Pancreatic Digestive Enzymes
Pancreatic secretion contains multiple enzymes for digesting all of the three major types of food: proteins, carbohydrates, and fats. It also contains large quantities of bicarbonate ions, which play an important role in neutralizing the acidity of the chyme emptied from the stomach into the duodenum.
The most important of the pancreatic enzymes for digesting proteins are trypsin, chymotrypsin, and car-boxypolypeptidase. By far the most abundant of theseis trypsin.
Trypsin and chymotrypsin split whole and partially digested proteins into peptides of various sizes but do not cause release of individual amino acids. However, carboxypolypeptidase does split some peptides into individual amino acids, thus completing digestion of some proteins all the way to the amino acid state.
The pancreatic enzyme for digesting carbohydrates is pancreatic amylase, which hydrolyzes starches, glyco-gen, and most other carbohydrates (except cellulose) to form mostly disaccharides and a few trisaccharides.
The main enzymes for fat digestion are (1) pancre-atic lipase, which is capable of hydrolyzing neutral fatinto fatty acids and monoglycerides; (2) cholesterolesterase, which causes hydrolysis of cholesterol esters;and (3) phospholipase, which splits fatty acids from phospholipids.
When first synthesized in the pancreatic cells, the proteolytic digestive enzymes are in the inactive forms trypsinogen, chymotrypsinogen, and procar-boxypolypeptidase, which are all inactive enzymati-cally. They become activated only after they are secreted into the intestinal tract. Trypsinogen is activated by an enzyme called enterokinase, which is secreted by the intestinal mucosa when chyme comes in contact with the mucosa. Also, trypsinogen can be autocatalytically activated by trypsin that has already been formed from previously secreted trypsinogen. Chymotrypsinogen is activated by trypsin to form chy-motrypsin, and procarboxypolypeptidase is activated in a similar manner.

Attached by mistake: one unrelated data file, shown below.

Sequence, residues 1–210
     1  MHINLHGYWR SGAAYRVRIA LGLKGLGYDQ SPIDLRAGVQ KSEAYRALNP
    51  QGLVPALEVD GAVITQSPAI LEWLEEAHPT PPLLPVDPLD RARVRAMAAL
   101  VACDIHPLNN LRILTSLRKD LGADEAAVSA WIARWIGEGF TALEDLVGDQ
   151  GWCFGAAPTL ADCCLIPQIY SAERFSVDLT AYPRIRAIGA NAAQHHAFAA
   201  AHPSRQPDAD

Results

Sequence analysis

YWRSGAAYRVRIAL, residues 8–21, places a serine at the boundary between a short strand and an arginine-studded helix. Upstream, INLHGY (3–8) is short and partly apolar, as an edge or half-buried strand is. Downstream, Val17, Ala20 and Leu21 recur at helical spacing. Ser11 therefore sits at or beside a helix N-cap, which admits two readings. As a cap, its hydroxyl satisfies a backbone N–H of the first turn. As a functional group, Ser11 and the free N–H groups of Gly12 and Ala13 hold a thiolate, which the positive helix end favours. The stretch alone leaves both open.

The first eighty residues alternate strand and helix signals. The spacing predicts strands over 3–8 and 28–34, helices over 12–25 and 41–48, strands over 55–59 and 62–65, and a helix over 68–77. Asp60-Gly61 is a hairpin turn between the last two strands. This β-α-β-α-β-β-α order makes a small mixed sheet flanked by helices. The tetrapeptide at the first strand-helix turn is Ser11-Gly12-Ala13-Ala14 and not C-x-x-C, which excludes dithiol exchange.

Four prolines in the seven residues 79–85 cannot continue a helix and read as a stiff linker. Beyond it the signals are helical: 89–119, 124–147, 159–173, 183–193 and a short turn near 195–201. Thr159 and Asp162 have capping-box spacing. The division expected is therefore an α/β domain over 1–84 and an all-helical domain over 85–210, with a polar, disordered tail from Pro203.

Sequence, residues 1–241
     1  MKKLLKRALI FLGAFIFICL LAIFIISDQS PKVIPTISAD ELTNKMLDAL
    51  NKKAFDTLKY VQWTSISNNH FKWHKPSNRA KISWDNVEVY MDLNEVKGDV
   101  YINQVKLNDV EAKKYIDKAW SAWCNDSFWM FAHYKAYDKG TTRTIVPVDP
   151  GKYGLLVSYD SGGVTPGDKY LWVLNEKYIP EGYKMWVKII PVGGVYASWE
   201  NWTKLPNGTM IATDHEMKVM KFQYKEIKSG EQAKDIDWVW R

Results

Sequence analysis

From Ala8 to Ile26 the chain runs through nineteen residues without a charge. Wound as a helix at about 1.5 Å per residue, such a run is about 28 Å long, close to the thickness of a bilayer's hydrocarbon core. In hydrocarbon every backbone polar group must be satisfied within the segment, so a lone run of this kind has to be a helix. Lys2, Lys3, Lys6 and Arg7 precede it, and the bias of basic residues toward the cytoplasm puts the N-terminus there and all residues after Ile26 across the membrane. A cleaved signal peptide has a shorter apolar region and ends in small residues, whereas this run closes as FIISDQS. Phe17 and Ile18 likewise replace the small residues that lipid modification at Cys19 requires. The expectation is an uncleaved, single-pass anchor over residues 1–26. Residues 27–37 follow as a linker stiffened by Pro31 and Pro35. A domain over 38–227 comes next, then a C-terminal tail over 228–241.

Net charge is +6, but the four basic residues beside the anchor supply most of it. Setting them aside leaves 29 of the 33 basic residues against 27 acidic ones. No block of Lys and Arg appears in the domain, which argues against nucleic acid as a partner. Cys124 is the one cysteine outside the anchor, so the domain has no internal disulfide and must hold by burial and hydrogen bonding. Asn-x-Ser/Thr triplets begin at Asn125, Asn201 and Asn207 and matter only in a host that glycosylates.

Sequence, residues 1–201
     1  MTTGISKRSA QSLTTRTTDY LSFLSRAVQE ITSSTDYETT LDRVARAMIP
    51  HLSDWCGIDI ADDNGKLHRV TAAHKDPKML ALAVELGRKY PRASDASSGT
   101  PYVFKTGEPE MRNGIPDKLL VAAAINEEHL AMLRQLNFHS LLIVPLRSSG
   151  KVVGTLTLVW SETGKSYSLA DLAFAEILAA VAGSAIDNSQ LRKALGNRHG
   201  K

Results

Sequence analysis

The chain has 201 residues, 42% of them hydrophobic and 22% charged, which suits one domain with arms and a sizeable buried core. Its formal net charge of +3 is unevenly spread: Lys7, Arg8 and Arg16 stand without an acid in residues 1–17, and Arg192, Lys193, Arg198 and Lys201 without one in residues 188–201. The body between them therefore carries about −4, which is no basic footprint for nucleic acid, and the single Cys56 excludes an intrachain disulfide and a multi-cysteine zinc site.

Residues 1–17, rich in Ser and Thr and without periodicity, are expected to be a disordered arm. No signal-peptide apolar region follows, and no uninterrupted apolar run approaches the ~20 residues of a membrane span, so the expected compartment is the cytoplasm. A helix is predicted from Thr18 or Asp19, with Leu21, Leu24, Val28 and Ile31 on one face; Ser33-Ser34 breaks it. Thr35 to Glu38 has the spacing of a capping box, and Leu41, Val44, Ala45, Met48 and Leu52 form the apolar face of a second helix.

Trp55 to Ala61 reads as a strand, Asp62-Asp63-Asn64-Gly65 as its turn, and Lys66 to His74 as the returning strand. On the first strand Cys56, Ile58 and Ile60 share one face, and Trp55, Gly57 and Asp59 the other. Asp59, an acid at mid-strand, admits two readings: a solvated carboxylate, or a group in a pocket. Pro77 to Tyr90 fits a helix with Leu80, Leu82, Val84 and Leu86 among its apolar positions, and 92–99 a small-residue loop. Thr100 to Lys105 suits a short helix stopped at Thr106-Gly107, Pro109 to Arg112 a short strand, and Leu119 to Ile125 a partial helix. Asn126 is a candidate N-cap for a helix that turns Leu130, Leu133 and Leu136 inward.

Secretion of Trypsin Inhibitor Prevents Digestion of the Pancreas Itself. It is important that the proteolyticenzymes of the pancreatic juice not become activated until after they have been secreted into the intestine because the trypsin and the other enzymes would digest the pancreas itself. Fortunately, the same cells that secrete proteolytic enzymes into the acini of the pancreas secrete simultaneously another substance called trypsin inhibitor. This substance is formed in the cytoplasm of the glandular cells, and it prevents acti-vation of trypsin both inside the secretory cells and in the acini and ducts of the pancreas. And, because it is trypsin that activates the other pancreatic proteolytic enzymes, trypsin inhibitor prevents activation of the others as well.
When the pancreas becomes severely damaged or when a duct becomes blocked, large quantities of pan-creatic secretion sometimes become pooled in the damaged areas of the pancreas. Under these condi-tions, the effect of trypsin inhibitor is often over-whelmed, in which case the pancreatic secretions rapidly become activated and can literally digest the entire pancreas within a few hours, giving rise to the condition called acute pancreatitis. This sometimes is lethal because of accompanying circulatory shock; even if not lethal, it usually leads to a subsequent life-time of pancreatic insufficiency.